I’m also going to toss my word in there, too, once I figure out what it’s going to be.
This time next year, my plan is to go through the jar and see what comes out.
Your homework is to do the same. Find a jar. When you have those “everything is going to be OK” moments, write them down. And, of course, put these slips of paper in the jar.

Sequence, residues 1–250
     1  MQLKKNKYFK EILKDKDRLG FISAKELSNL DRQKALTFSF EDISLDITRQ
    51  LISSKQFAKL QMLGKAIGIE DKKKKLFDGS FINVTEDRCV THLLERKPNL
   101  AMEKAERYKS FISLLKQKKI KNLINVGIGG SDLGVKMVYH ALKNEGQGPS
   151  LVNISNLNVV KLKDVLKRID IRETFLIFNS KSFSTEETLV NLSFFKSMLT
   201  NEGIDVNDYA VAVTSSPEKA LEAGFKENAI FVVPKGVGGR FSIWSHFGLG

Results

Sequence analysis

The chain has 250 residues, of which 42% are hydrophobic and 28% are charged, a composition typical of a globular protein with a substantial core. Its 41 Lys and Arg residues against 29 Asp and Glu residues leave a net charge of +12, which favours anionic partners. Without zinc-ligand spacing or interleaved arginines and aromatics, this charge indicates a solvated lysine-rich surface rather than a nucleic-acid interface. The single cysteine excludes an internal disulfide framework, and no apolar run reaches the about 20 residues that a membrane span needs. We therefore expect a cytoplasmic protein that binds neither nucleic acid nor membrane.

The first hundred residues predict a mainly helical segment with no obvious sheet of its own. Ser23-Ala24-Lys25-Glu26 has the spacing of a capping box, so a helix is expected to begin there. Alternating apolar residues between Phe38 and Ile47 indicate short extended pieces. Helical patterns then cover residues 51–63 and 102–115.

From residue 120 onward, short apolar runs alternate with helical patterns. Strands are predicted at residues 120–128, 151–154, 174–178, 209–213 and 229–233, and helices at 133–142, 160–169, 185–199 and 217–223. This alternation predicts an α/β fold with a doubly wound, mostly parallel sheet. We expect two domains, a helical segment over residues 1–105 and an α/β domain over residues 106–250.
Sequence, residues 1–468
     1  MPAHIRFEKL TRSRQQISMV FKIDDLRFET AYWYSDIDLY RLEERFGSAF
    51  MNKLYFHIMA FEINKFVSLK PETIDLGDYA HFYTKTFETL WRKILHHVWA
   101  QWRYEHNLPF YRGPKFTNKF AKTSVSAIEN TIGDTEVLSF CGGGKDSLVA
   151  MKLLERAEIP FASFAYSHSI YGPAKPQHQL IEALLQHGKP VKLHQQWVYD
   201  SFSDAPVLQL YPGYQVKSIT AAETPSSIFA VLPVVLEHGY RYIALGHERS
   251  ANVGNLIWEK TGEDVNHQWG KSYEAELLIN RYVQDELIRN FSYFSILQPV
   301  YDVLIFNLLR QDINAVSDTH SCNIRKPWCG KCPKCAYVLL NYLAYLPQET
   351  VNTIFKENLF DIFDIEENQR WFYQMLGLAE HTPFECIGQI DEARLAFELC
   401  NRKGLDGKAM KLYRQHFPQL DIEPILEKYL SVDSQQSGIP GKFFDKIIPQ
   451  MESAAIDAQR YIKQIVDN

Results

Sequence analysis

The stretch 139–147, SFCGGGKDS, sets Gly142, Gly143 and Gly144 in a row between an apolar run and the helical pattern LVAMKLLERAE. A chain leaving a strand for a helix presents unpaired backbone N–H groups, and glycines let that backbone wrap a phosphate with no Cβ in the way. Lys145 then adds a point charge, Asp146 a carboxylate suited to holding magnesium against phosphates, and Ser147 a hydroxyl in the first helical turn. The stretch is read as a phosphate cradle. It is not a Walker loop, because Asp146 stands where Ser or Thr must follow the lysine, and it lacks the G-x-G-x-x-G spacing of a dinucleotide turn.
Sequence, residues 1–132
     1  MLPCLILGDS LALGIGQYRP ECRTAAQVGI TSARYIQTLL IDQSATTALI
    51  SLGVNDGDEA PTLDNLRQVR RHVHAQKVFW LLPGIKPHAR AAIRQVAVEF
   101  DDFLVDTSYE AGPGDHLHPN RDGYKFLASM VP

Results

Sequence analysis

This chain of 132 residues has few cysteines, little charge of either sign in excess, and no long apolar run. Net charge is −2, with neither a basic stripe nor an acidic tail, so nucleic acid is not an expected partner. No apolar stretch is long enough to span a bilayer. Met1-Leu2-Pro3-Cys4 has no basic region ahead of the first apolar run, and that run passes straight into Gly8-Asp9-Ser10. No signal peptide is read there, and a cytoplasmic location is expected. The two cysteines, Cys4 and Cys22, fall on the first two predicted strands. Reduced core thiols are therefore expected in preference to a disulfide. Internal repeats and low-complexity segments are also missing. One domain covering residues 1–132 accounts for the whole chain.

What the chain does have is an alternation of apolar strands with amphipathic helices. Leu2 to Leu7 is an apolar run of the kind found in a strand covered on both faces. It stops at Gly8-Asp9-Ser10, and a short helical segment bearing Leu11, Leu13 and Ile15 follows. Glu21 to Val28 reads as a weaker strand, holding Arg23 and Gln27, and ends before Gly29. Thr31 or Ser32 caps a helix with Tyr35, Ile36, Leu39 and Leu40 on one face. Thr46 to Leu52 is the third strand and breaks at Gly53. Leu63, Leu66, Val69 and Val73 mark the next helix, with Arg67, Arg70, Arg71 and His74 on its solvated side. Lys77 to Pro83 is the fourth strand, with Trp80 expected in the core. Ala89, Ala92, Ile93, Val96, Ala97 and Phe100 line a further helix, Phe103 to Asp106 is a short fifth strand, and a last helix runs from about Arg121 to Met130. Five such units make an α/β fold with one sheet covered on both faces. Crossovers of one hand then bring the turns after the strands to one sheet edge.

My hope is that there will be many, many more pieces of paper than you’d initially think in the jar by the time we get to the end of 2015. I don’t think these moments are as rare as they appear to be. We just fail to notice them in the bustle of daily life. The jar is just a way of gathering them, like fireflies. Little bits of light for when things get dark — and a reminder that we are each of us is where we need to be.